An observation about the U.S. military: "The young men of America, from whatever strata, are raised in a permissive society. The increasing alienation of their education from the harsher realities of life makes their reorientation, once enlisted, doubly important."
That was written in 1963, but is eerily pertinent about America's armed forces today -- in a time of global commitment and a culture in the midst of tectonic changes. T.R. Fehrenbach made the observation in his classic, This Kind of War, a history of the Korean conflict and the slaughter of ill-prepared U.S. troops in the early weeks of that war.
Merely add "young women" to the sentence and this contemporary insight is being addressed only at the margin now. Instead, the ideological pivot is the bite-and-gouge argument over feminism -- or sexual equality in the ranks. That topic seems as much or more a primary Pentagon concern as ensuring that the military is as efficient a killing machine as can be.
Another Fehrenbach comment is germane with today's higher-tech weaponry that was beyond the imagination of three-plus decades ago: "A `modern' infantry may ride sky vehicles into combat, fire and sense its weapons through instrumentation, employ devices of frightening lethality in the future -- but it also must be old-fashioned enough to be iron-hard, poised for instant obedience and prepared to die in the mud."
We insistently are told that the all-volunteer military is the finest force the nation ever has fielded. And certainly the young Americans raising their hands to take the oath of service have the same capacity for duty and valor as those in other wars.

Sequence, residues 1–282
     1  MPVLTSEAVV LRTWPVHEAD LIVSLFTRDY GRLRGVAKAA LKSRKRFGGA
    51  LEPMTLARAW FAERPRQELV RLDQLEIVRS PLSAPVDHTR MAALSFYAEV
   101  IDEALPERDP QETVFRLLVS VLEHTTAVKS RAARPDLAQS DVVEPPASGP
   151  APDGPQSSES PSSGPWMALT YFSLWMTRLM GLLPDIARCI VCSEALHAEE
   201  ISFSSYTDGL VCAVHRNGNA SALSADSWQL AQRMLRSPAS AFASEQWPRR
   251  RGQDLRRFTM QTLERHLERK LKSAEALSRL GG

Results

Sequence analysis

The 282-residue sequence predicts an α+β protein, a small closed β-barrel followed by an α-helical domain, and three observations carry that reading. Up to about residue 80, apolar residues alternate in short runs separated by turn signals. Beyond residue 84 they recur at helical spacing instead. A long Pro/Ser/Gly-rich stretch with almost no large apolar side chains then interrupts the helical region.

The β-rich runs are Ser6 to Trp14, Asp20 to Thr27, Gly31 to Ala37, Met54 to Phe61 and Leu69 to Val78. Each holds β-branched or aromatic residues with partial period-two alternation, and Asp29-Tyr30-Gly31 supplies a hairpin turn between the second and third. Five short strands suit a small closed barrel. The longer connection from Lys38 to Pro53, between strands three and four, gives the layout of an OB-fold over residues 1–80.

But it also is the case that, as happened in the years between the end of World War II and Korea, those enlisting are from the lower socioeconomic rungs and thus the military services are less representative of society. And it is evident that today's society is dramatically more permissive than in the late 1940s. More worrisome, the armed forces are "civilianizing" to accommodate these youngsters (the Marine Corps and the Army's combat arms are the exception).
Another warning sign -- as we prepare to put troops in harm's way against Iraq's brutal megalomaniac -- is a dismaying similarity between the condition of the armed forces between World War Il and Korea and aspects of today's military
After 1945, the Army was at 70 percent strength in its combat units, Fehrenbach writes; regiments had two instead of the normal three battalions, each artillery battalion had two firing batteries instead of the standard three. …